Chris Bell, the lead developer behind The Way and one of the developers behind Journey, believes that video games can create lasting friendships between players, and not just in the virtual realm. This experiment in digital bonding started out for Chris in the real world, Japan.
Running late for the last bus in Tokyo, Chris got lost and panicked. He quickly got the attention of a little old lady, but without knowing any Japanese, all Chris could do was show her a picture of where he wanted to go on his phone along with some frantic gestures. The old lady raced down the street with Chris following right behind her. Just as the last bus was about to pull away, Chris and the old woman made it just in time. The young developer points out that they worked together to overcome a problem even thought they spoke different languages. Through gestures and sharing information, the idea behind The Way was born.
Much as Indecent produced a very intense yet temporary friendship, games like Journey and The Way do the same thing by bonding players with a common goal, giving them freedom of choice, presenting them with anonymity, and moving quickly enough before prejudice begins to seep in. Not all of these elements need to be present to assure that players work together, but combined they create a bond stretching past virtual barriers. This, however, doesn’t always work with all games.
Take Chat Roulette for example. Go to the web site and you get a chance to talk to thousand of strangers from across the world. The only problem is that it became – well, Chat Roulette, a game without rules that breaks down when the wrong people take it over. Now something like Telectroscope, an art installation that lets people in both New York and London view each other instantly, works because it comes with its own social rules with it being in public, more respect for it being an art piece, and without the addition of voice, people play with it more like a toy. It’s through these constraints that we learn to share a deeper emotion in games.
Chris tells of another story of when he first played Final Fantasy XI and dies while on an adventure with a friend. The game allows you to wait to be resurrected or go back to the starting point. Unsure of the location of the starting point, Chris waited for his friend to resurrect. But he worried that his friend was waiting for him. Unable to communicate while dead, Chris worried hopelessly that his companion waited for him in a similar dreadful silence. Two motionless bodies stuck in limbo. He realized that the emotion connection strengthen because of the silence since he could then projected his emotions onto the other player.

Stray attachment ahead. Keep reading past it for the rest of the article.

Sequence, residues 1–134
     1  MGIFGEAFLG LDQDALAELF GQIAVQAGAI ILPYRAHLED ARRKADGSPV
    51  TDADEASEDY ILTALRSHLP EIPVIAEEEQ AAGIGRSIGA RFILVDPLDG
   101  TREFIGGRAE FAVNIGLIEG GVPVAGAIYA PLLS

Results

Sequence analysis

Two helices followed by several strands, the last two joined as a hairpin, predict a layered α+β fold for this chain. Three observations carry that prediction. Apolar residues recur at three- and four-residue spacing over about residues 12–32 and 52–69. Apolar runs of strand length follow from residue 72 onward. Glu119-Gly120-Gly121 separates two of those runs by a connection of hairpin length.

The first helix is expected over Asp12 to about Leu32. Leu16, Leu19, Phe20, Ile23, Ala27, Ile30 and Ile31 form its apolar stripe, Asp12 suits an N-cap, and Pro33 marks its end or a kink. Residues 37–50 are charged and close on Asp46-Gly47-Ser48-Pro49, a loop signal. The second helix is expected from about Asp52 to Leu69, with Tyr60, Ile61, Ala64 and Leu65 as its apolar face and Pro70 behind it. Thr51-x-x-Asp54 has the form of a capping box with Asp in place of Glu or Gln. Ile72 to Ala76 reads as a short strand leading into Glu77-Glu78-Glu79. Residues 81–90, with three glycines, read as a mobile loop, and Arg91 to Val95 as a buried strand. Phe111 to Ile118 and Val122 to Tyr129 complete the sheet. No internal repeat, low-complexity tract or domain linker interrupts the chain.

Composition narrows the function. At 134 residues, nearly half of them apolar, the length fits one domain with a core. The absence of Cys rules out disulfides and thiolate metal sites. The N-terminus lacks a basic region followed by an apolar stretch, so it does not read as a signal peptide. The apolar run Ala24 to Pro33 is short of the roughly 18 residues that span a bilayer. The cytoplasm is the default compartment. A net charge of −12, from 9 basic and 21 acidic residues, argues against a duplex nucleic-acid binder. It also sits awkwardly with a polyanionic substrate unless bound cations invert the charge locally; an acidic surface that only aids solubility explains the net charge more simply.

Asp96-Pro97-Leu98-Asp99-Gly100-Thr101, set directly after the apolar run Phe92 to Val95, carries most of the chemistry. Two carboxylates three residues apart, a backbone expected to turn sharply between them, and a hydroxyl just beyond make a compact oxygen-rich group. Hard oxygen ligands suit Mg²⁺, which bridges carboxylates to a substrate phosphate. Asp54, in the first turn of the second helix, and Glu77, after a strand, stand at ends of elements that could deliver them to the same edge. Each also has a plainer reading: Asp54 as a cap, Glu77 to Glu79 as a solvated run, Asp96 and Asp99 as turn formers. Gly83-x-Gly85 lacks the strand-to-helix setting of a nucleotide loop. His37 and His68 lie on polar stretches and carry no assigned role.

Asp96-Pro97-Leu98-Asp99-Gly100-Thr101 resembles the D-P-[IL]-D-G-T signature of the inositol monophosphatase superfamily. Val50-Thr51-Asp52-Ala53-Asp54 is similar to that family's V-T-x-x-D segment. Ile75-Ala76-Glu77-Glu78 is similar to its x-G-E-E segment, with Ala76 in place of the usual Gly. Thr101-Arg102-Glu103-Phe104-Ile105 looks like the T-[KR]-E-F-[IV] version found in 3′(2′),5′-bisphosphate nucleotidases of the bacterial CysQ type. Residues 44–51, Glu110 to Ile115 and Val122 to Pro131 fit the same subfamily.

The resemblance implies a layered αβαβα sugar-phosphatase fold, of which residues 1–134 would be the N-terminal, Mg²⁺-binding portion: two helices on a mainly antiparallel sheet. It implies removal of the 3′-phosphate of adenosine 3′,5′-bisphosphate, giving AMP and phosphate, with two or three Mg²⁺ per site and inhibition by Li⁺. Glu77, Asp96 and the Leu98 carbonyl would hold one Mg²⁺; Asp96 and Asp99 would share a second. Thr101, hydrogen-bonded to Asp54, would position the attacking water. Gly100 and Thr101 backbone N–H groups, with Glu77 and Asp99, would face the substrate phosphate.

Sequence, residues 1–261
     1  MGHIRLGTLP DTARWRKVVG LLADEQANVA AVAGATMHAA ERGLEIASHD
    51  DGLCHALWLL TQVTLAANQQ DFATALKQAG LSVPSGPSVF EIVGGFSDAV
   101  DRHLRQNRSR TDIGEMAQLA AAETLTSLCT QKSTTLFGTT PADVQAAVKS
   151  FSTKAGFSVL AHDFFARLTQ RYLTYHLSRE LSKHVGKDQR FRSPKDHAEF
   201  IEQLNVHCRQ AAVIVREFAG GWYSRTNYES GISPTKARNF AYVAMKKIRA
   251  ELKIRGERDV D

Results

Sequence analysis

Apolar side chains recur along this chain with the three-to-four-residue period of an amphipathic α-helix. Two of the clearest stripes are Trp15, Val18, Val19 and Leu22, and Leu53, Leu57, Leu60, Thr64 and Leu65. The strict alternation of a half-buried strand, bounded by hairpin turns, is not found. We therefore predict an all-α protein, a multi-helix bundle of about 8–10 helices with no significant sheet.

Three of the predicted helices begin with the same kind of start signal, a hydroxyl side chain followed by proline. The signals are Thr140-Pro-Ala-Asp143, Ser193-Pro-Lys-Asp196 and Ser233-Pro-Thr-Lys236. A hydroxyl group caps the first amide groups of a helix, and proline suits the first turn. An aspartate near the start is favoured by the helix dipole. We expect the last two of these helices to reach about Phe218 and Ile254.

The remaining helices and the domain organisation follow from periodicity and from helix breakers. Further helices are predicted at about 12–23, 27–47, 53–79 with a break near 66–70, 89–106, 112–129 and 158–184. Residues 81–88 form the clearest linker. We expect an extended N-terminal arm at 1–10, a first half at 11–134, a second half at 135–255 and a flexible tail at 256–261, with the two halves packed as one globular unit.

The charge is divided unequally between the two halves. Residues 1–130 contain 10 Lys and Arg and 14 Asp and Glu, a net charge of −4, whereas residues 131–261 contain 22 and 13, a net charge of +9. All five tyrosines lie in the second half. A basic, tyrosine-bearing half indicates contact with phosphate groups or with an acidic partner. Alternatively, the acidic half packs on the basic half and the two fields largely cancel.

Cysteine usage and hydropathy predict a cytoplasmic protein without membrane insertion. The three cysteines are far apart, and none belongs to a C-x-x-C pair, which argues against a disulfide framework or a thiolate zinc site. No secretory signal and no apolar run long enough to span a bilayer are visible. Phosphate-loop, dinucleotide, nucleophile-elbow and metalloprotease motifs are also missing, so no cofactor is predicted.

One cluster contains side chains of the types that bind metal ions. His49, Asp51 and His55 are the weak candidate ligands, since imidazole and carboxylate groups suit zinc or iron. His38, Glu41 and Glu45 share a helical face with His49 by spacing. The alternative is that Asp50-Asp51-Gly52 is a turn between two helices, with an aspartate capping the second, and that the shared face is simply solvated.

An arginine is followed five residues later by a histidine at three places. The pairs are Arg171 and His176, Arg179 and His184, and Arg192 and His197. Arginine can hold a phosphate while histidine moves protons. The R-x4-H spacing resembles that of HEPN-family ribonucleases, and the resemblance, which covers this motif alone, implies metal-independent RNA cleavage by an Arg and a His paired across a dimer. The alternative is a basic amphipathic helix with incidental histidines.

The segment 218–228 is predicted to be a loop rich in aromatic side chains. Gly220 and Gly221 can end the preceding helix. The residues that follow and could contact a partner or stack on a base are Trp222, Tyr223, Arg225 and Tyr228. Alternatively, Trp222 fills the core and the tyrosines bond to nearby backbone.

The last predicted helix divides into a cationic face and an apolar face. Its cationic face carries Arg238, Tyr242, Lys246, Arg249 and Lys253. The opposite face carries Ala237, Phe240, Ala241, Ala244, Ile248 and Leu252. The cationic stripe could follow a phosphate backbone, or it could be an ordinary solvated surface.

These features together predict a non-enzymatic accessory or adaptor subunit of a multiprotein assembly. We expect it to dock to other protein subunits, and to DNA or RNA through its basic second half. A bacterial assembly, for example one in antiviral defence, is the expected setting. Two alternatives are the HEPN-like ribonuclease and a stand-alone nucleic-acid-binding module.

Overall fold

Journey and The Way share many of the same elements that encourage friendship even though they were created separately from each other. Both games simplify communication to elements that anyone can use, breaking down both language and social barriers that otherwise hinder interaction. Journey utilizes a music-based system that allows people to create their own language through tones and length of the notes. For The Way, players use the movement of their characters to communicate. Each games allows the individual player at attach meaning to their method of communication rather than relying on someone else to give them context.
Chris points out that there’s a difference between cooperation and merely working together. In the co-op for Portal 2, only one of the players needs to know how to solve the puzzle. The co-op allows for players to tag places for the second player to put a portal, so you can go along for the ride or be dragged along as the knowledgeable player trudges on.
Journey and The Way, on the other hand, require each player to act their part in order for both players to succeed. The Way divides the necessary information between the players so that only by working together can they assemble the whole picture. Journey lets players work together to reach higher areas than a lone person. Through reciprocity, we find friendship and often the answers we’re looking for in a game.
At the end of each game, the player is given a chance to continue that bond beyond the virtual realm. Though Chris didn’t say how either game accomplishes this task, he points out that it’s important that friendships transcend the game. Games have a way of touching us in ways no other medium has before. It’s what you choose to make that reveals who you are.